Energy Transition Trading and Risk

Energy Transition: The Role of Hydrogen Q&A 

byEnverus

Last month, Ian Nieboer from our Enverus Intelligence team teamed up with Tim Hard, Senior Vice President of Energy Transition from Argus, to provide expert insights on the market dynamics of hydrogen, including: 

  • Where emerging market opportunities are for hydrogen 
  • How to make market assessments using MarketView 
  • Best practices for energy trading and risk management 

Missed the live discussion? Watch the on-demand webinar to hear all the insights and to learn how Enverus Trading & Risk solutions can help ensure you have the accurate and timely data you need to act. 

During the webinar, we received a number of questions from the audience and wanted to share some of those questions and answers here. Thank you to Tim and Ian for keeping the conversation going! 

Q: Europe looks set to lead the new hydrogen economy. What differences between Europe, the U.S. and Asia stand out to you? 

A: The U.S. is the most generous and loosest in rule stringency. The EU will be offering less and aim to stipulate more. Asia is problematic as Australia is low-balling the supply support funding, while Japan and Korea, though large individual economies, lack the EU/U.S. heft, nor have they joined policy up between them. Yet. 

Q: What do you see for competing technologies that could impair or stop that launch for hydrogen? Carbon capture, methane pyrolysis? 

A: The issue with methane pyrolysis is that technology is not there yet, and probably won’t be there until 2030, and there are a lot of assumptions as to what natural gas is going to do up to that point. Carbon capture is important, it is going to be used. Is it going to negate the need for hydrogen molecules, no? It is just not economic, and we need solutions now. 

Q: How do you see costs impacting the development of the hydrogen economy? 

A: It is costly at the moment, but cost will fall as scale increases. Every time there is a change to something else, cost is brought up. The cost is an issue, but the need is there. 

Q: Are there catalysts on the horizon that are a launching pad on the demand side? 

A: On the European side we have seen SAF being injected into mandates. It’s only electric going forward and you have two options electric vehicles (EV) or fuel cell electric vehicles (FCEV) which are powered by hydrogen, so you are starting to see those mandates coming through. 

Q: Is the industry developing consensus on the which investment structures are best suited to hydrogen development?  What does that look like?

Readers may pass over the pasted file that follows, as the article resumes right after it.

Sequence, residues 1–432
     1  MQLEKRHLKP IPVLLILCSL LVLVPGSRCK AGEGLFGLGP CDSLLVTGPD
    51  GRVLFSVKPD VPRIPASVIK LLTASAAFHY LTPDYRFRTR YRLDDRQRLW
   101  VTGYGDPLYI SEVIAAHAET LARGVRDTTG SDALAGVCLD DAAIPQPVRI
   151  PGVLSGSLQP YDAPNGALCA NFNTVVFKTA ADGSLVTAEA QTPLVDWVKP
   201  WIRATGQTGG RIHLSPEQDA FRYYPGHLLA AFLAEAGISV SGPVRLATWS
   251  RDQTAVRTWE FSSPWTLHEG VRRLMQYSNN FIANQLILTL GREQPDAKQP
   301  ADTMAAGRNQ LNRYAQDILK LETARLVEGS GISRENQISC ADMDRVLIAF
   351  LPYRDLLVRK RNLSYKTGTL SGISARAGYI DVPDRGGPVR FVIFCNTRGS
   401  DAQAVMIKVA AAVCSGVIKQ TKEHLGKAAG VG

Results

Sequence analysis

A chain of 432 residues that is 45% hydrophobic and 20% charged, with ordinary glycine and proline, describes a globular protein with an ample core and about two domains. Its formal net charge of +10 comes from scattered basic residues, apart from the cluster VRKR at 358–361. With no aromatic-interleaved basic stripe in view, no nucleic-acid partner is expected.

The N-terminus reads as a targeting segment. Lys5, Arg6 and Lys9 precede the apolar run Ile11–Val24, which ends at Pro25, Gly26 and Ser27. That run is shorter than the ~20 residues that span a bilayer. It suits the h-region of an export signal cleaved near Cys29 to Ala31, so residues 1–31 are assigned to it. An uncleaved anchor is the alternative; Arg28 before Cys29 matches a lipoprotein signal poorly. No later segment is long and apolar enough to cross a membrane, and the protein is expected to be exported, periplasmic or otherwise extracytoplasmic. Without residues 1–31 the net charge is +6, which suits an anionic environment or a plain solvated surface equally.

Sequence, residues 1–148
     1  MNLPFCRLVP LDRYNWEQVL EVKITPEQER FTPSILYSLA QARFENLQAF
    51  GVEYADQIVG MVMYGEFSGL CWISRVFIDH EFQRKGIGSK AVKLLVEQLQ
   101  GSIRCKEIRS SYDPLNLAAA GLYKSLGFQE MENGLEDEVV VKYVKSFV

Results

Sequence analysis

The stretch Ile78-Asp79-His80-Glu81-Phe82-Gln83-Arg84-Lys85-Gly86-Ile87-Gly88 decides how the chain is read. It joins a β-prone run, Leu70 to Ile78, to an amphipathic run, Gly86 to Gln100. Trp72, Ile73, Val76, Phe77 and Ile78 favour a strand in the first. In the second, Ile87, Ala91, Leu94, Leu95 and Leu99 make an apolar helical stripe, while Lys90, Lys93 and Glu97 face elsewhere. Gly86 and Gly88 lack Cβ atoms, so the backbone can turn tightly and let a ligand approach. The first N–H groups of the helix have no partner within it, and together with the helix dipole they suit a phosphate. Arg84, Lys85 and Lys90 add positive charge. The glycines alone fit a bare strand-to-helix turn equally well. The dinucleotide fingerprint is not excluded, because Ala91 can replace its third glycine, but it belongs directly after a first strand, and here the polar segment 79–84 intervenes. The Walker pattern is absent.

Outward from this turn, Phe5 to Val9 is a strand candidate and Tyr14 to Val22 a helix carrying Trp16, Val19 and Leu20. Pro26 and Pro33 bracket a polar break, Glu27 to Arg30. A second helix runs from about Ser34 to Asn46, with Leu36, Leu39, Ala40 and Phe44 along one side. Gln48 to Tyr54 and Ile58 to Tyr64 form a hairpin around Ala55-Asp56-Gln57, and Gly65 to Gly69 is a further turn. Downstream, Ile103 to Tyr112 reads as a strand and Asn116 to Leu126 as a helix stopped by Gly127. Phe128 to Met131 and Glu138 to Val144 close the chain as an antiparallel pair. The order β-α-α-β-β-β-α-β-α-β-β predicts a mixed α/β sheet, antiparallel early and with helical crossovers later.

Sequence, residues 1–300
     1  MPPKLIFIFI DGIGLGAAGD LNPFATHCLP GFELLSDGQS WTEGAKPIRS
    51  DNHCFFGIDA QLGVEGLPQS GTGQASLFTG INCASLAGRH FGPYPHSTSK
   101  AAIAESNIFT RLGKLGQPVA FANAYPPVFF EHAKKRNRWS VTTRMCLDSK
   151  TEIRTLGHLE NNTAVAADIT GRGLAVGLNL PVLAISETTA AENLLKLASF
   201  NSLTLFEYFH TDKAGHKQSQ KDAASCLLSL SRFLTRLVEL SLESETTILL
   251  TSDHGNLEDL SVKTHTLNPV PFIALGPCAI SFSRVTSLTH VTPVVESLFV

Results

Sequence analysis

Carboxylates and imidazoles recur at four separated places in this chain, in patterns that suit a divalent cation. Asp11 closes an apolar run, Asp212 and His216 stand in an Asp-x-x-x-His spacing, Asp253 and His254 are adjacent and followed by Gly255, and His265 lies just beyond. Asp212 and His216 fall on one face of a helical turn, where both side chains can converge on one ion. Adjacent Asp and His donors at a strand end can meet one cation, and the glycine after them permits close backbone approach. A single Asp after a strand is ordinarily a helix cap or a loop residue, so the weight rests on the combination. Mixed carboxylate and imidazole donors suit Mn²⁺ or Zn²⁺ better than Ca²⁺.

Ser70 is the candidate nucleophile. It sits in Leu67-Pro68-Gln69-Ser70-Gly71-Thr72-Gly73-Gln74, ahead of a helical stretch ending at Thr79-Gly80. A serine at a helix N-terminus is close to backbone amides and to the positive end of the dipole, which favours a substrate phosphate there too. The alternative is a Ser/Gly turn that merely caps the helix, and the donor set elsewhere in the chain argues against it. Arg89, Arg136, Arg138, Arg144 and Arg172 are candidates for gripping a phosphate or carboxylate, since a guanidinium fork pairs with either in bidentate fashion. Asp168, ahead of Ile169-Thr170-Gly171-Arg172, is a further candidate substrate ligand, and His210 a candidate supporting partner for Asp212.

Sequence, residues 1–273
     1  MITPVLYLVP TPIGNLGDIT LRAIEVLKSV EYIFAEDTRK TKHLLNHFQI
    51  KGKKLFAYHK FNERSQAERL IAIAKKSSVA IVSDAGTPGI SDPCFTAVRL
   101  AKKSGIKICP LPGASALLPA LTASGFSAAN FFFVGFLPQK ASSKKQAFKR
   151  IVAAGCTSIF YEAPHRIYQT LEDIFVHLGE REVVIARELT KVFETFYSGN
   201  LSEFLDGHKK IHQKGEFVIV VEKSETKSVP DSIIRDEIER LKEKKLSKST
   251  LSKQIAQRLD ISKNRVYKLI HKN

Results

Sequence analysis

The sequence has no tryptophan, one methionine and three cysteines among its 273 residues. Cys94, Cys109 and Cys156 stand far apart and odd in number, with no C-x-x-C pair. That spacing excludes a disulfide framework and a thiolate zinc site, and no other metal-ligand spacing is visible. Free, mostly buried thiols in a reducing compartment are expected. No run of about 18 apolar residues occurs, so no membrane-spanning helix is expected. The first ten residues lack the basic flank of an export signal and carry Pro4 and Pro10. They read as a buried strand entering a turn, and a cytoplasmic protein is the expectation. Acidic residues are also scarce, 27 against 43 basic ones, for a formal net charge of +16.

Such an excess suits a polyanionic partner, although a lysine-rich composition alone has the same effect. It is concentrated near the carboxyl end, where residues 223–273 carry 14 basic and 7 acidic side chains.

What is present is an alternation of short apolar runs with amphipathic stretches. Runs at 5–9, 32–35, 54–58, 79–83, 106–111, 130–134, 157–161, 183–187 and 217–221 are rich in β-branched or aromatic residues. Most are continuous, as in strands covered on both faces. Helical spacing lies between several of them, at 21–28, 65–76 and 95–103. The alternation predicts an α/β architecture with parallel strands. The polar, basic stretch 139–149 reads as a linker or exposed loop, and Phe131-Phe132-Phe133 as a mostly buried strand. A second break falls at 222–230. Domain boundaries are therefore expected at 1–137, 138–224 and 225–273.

A: Developers are strongly pushing to ensure offtake agreements are tied up (fully for stage 1s), before progressing to FID. 

Q: What lessons should U.S. developers of hydrogen take from Europe, elsewhere?  

A: Simple is best. Developers crave certainty before spades hit ground. Otherwise, I think it may be the other way round. The U.S. could take a leaf out of Europe’s book and look to carbon disincentives (taxes), as its northern neighbor Canada is doing. 

Q: Is it reasonable to think that hydrogen will fuel more than 5% of the btu content a modern 500 MW CC plant produces? 

A: Yes. Peaker plants need to continue to avoid intermittency problems and their co-firing rates should continue to rise.  

Q: The shipping industry has reduced oil spills, but they are not perfect. How do you assess the risk of ammonia spills as a shipping fuel? 

A: High. The industry has a stellar record, but size increasing by a factor of five increases risk of accidents beyond that factor. More of a concern is NH3 as a vector. A marine fuel spill is necessarily smaller scale than a cargo travelling Aus-NE Asia, the most biodiverse marine corridor globally. 

Q: Do you believe that Brazil has space on this H2 opportunities?  

A: Massive, undoubtedly. Low cost, huge land mass, great RE profiles. 

Q: The electrolyser capacity mentioned, is it single stack?  

A: Argus model in 1MW stack size for PEM (in 100MW total scale) and in 5MW for ALK. 

Q: What are the key factors to reduce the H2 cost? 

A: Cheap renewable energy ‘in’ to electrolysers via levelized cost of electricity (LCOE) is a huge driver for green hydrogen, while cheap gas/coal achieves the same for blue. As gas prices have fallen faster than LCOE, the cost differential between ‘renewable vs fossil’ has really opened, as below.  

Carbon costs will further incentivize the switch from grey to blue and green – albeit there’s likely less room to run in the EU than in APAC/ME/ROW. The U.S. has effectively put a price of $85/t of CO2 in credits, which is within striking distance of EU C02 costs. 

Watch the on-demand webinar to see the full conversation and learn more.

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